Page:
Australians pay the third highest income tax in the world behind only Denmark and Iceland – but there could be some relief with this year’s Budget
- Report by OECD shows Australians pay third highest income tax rate of 22.7%
- The large figure was only higher in Denmark at 35.3% and Iceland at 26%
- Aussie workers are not required to make any social security contributions
- When these are included Australians endure the 25th highest personal tax rate
Australia has the third-highest income tax rate among developed countries, a new report has found.
A single, childless worker earning an average $86,000 handed over 22.7 per cent of their wage in income tax in 2020.
That figure was only higher in Denmark (35.3 per cent) and Iceland (26 per cent), a report by the OECD reveals.
Australia has the third-highest income tax rate among developed countries. Pictured: Tamarama Beach
Americans handed over 24.4 per cent of their wage and Britons (pictured) paid 23.3 per cent
Average Americans paid 15.5 per cent of their pay in income tax and Britons paid 12.6 per cent.
Poland and Korea have the lowest income tax rate at just 5.4 per cent.
However, Aussie workers are not required to make any social security payments such as the UK’s national insurance contribution to fund its health service.
Income tax rates
1. Denmark 35.3%
2. Iceland 26%
3. Australia 22.7%
South Korea: 5.4%
OECD average 13.1%
Measured as a percentage of labor costs, not including social security
When these are included Australians endure the 25th highest personal tax rate at 24.1 per cent, below the OECD average of 24.9 per cent.
The country with the highest personal tax rate is Germany where an average worker hands 38.9 per cent of their income to the taxman and their super accounts.
Americans handed over 24.4 per cent of their wage and Britons paid 23.3 per cent.
It comes as the federal government prepares to deliver tax cuts in the May 11 budget.
Treasurer Josh Frydenberg is expected to extend the low and middle-income tax offset (LMITO), which is worth up to $1,080 and benefits people with a taxable income between $48,000 and $90,000.
The bonus, which runs out in June, is expected to be extended for another year at a cost of about $7 billion.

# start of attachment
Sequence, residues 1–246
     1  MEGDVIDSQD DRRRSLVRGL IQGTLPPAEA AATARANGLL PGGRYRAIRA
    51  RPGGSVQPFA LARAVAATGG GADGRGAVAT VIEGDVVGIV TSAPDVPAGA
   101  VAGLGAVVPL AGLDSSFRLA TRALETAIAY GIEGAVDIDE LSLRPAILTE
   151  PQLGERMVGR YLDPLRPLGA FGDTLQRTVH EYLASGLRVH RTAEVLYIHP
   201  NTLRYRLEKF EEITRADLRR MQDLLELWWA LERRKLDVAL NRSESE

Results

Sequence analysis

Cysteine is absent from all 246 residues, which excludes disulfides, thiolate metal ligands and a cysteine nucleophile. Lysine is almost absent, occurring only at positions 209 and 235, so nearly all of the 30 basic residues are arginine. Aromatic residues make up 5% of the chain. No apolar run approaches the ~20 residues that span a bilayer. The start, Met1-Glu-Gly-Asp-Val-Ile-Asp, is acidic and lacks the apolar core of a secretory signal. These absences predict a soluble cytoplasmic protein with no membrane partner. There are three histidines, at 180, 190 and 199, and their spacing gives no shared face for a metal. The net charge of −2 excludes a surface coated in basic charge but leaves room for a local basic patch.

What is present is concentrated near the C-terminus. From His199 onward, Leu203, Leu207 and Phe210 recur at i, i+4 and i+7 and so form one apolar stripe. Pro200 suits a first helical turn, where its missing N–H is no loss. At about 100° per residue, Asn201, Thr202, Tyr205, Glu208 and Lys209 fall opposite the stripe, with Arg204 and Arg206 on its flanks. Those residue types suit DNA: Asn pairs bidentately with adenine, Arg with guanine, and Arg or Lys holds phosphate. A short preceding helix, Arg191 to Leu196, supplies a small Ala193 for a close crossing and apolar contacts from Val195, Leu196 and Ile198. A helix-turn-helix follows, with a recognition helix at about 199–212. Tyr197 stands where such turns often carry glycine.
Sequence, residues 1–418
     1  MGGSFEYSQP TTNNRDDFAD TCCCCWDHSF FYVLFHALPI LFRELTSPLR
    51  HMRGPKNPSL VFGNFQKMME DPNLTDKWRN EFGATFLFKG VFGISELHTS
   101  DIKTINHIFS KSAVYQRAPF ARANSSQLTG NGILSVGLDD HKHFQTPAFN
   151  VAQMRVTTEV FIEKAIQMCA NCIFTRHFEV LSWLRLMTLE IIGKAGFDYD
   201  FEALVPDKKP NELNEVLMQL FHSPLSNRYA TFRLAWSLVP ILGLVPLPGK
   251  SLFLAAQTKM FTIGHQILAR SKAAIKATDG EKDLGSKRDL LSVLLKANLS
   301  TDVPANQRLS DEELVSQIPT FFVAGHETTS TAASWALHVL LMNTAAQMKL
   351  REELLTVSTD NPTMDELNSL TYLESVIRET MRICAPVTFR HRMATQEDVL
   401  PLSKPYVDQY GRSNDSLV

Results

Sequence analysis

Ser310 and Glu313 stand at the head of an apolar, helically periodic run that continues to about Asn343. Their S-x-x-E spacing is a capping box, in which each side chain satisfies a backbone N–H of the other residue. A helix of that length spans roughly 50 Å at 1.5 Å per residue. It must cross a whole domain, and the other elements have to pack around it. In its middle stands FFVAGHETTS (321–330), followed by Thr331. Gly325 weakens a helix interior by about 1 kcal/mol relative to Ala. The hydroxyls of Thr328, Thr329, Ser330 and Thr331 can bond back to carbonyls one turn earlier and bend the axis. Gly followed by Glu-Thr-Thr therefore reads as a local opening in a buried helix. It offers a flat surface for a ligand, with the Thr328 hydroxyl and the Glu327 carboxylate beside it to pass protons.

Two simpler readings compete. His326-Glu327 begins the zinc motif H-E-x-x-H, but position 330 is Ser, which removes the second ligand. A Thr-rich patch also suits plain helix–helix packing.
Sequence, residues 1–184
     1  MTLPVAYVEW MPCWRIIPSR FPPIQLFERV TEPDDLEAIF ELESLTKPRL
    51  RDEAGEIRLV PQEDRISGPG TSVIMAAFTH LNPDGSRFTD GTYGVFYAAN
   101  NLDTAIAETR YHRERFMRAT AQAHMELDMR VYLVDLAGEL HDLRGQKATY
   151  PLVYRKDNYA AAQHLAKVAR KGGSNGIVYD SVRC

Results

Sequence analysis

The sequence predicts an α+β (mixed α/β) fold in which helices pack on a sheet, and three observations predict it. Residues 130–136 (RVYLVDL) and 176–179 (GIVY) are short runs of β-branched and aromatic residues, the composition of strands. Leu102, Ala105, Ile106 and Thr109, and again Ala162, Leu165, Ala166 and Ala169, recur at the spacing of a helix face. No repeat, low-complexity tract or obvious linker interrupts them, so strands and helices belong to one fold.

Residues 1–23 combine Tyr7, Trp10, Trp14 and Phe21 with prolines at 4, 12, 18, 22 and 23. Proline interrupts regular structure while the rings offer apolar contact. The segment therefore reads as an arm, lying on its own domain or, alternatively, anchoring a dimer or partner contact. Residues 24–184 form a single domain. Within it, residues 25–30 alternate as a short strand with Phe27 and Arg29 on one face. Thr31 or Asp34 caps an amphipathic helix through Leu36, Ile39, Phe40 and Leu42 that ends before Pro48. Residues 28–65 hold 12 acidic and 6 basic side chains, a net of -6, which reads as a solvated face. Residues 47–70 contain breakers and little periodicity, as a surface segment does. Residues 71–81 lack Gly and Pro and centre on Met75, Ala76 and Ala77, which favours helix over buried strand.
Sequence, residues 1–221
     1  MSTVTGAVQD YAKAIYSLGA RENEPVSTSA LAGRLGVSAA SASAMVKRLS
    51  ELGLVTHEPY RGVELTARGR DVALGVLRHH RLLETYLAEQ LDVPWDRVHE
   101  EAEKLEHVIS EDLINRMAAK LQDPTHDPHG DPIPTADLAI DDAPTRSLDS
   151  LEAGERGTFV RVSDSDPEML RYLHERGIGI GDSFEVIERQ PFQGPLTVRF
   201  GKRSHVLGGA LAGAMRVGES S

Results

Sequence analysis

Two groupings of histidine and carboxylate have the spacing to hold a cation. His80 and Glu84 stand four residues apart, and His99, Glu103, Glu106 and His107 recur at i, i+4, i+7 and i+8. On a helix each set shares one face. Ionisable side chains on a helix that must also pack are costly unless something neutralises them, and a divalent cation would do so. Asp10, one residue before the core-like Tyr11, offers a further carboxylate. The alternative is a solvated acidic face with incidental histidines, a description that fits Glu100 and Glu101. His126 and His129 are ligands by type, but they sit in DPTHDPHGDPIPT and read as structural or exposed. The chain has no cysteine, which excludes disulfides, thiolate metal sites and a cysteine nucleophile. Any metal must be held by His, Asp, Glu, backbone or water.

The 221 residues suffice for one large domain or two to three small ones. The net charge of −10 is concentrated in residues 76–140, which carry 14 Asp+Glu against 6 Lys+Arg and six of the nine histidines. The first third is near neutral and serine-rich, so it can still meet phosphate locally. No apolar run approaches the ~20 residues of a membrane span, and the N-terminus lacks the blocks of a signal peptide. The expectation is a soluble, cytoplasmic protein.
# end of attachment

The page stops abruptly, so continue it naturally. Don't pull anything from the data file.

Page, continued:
‘The coalition is always the party of lower taxes,’ Mr Frydenberg said last week in Perth.
‘That’s our record and that will continue to be the message and the policies we deliver going forward.’
The tax offset was set up as a one-off economic stimulus measure during the coronavirus pandemic which helped about 3.4 million taxpayers.
The offset is claimable when people submit their tax returns.
The tax cuts are part of another spending splurge in the budget as Mr Frydenberg tries to stimulate the economy after the coronavirus pandemic left a record one million Australians out of work.
Australia’s income tax rate is only higher in Denmark (pictured) and Iceland
Poland and Korea (pictured) have the lowest income tax rate at just 5.4 per cent
The unemployment rate is now 5.6 per cent with 1.23 million people receiving JobSeeker or Youth Allowance benefits, about 400,000 more than before Covid-19 struck last year.
The budget is expected to contain big spending on infrastructure, skills, tax cuts and aged care to boost jobs around the country.
‘We need to continue working hard to drive the unemployment rate lower. That is what budget will do,’ Mr Frydenberg will say in a speech on Thursday.
‘We won’t be undertaking any sharp pivots towards austerity.
‘We want more people in jobs and in better paying jobs. This is what our fiscal strategy is designed to achieve.’
The treasurer will warn that coronavirus remains a huge threat that forces Australia to keep the international borders closed, reducing population growth to the lowest level in a century.
‘For these reasons, we remain firmly in the first phase of economic and fiscal strategy,’ he will say.
In September Treasury said the unemployment rate would need to be ‘comfortably’ below six per cent for wages growth to occur.
A new Treasury paper now puts NAIRU – or the rate of unemployment below which inflation is expected to accelerate over time – between 4.5 and five per cent.
Some 1.23million people are receiving JobSeeker or Youth Allowance benefits, about 400,000 more than before Covid-19 struck last year